Pete Rose spent another day surrounded by cameras and guards and questions, but Wednesday night there were indications that his third day of twisting in the wind would be his last.
Commissioner Peter Ueberroth is expected to make a statement about Rose today, and barring a last-minute development, the manager of the Cincinnati Reds likely will be suspended for at least a year.
He is accused of gambling and associating with gamblers, and as the scandal has unfolded there have been revealing stories about both his debts (huge) and his relationship with his children (distant).
Owner Marge Schott of the Reds said Wednesday by telephone from Cincinnati that she is in contact with Ueberroth’s office and has not been told what he will decide. She denied published reports that she might fire Rose.
“I don’t know what will happen, but I want him to win a World Series for me,” Schott said. “We have a good relationship. We have the same hometown. We’re dealing with a hero here. But at the same time, I told the commissioner’s office, ‘We don’t need this in baseball.’ ”
A decision by Ueberroth would end three nervous days for the Reds that began late Monday when major league baseball issued a mysterious announcement that Rose was being investigated for “serious allegations.”
Since then, his life has been one of minicams and tape recorders and photographers. A television crew interrupted his breakfast at a local restaurant Wednesday, and armed guards accompanied him through much of his day.
When he took the two-minute stroll to the dugout at Plant City Stadium Wednesday afternoon, he had a policeman on either shoulder. He had crews of minicams behind him. He had a middle-aged woman leaning over a dugout rail yelling, “Hang in there, Pete.” He had dozens of fans offering applause or cheers or other words of encouragement.
For his part, he smiled and motioned toward his entourage. “Me and my shadows,” he began to sing.
Later, in a more private aside, he said, “I feel like a fresh piece of meat.”
Six Red pitchers made fun of the situation, putting pieces of tape with the word, “Press,” on their caps.
After a day when he walled himself off from much of the outside world, Rose returned Wednesday, sitting in the dugout and answering questions for an hour before a 7-6 exhibition loss to the St. Louis Cardinals.
Already the subject of an investigation of “serious allegations” by major league baseball, he was hit full bore with several embarrassing and serious charges this week.
The most serious is that he bet on major league baseball games, and even if nothing else is found to be true that would get him a one-year suspension. If it’s found he bet on games involving his Reds, he’ll be barred for life.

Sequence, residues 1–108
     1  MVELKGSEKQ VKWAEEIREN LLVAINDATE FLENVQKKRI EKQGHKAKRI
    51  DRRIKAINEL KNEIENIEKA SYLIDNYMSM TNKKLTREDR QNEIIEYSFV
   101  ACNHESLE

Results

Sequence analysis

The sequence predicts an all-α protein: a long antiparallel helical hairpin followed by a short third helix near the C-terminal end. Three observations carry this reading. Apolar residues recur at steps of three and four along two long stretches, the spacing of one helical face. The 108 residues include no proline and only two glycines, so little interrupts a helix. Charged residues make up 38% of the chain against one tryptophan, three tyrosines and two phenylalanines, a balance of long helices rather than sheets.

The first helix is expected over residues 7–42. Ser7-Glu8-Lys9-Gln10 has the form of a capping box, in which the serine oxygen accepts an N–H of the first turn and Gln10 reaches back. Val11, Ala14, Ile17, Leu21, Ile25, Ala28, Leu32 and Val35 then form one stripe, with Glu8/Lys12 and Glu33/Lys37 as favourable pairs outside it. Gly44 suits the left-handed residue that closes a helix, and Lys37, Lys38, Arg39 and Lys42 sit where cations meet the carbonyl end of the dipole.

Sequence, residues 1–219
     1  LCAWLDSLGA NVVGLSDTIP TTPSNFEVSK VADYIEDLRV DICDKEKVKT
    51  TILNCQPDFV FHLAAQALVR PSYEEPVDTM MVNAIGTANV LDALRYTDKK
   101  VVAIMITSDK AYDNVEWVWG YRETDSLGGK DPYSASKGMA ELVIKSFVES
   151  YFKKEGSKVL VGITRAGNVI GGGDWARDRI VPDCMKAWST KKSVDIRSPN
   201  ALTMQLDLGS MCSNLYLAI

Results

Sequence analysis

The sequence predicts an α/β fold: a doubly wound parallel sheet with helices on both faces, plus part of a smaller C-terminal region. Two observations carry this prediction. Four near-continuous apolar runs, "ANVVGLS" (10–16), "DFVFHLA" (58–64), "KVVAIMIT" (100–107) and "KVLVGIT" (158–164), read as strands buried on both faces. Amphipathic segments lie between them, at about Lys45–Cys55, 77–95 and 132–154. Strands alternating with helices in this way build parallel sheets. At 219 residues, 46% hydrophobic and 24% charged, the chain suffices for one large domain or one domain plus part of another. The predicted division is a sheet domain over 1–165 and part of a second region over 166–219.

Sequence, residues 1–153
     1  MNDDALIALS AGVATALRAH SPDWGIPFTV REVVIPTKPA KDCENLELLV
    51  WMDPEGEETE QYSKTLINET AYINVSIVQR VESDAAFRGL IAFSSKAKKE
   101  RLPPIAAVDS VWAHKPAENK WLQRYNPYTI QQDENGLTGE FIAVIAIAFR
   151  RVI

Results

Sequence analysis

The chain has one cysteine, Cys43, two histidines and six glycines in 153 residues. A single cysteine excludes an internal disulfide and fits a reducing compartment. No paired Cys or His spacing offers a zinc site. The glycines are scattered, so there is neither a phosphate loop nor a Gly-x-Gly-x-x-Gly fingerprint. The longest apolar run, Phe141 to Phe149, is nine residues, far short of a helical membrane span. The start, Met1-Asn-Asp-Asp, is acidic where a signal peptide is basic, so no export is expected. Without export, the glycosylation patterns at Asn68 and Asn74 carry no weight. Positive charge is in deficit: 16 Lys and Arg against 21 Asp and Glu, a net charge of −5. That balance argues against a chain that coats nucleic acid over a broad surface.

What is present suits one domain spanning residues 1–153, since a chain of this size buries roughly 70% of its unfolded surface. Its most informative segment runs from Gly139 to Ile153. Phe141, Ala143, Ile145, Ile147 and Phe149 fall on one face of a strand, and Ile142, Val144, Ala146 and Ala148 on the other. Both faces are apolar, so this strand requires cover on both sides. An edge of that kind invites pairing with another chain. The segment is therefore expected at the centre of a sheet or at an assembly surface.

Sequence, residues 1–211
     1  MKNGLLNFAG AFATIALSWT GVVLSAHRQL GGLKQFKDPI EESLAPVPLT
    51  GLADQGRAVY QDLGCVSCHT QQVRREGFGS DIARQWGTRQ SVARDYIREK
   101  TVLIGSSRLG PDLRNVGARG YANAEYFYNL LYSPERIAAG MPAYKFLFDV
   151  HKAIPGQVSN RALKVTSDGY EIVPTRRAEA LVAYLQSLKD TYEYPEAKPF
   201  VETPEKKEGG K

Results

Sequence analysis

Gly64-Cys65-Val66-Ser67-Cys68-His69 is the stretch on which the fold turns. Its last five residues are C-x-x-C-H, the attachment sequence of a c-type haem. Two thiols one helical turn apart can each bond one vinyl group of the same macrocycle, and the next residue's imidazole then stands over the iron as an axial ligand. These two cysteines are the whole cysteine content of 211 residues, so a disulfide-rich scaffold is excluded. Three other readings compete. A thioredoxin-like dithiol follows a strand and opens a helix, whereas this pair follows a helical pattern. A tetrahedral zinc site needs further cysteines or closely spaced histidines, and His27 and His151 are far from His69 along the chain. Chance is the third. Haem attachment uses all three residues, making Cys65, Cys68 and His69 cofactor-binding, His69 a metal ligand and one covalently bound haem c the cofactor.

There was more. The Dayton Daily News reported that a federal grand jury will call him to answer questions about illegal gambling and tax evasion.
The newspaper reported that Rose had sold the bat and ball from his record-breaking 4,192nd hit to a Cincinnati collector for $175,000. A Corvette, a gift from Schott that bore the license plates “PR4192,” was also sold.
The newspaper also said he had taken out a second mortgage for $150,000 on his home in the exclusive Indian Hill section of Cincinnati.
The New York Post said in Wednesday’s editions that Rose’s activities have the attention of the Internal Revenue Service, plus the Federal Bureau of Investigation and the Cincinnati police. The New York newspaper quoted an unnamed source as saying Cincinnati police estimate the Red manager owes bookmakers between $500,000 and $750,000. WLWT-TV in Cincinnati said it spoke with Michael Fry, who was tied to Rose’s gambling in a Sports Illustrated story this week. The station said that Fry, who is serving a prison term for cocaine trafficking and income-tax evasion, said that Rose bet up to $40,000 on football weekends.
At the same time that news reports were describing his gambling debts and alleged financial problems, the April issue of “Gentleman’s Quarterly” presents an unflattering portrait of his private life, saying he barely has time for his children.
When asked about being described as a bad father, he said Wednesday, “What are you talking about? I’m a great father. I bought my daughter a Mercedes Benz last year. Those statements were probably made 10 years ago. My son just spent 15 days with me, and we were together 20 hours a day.”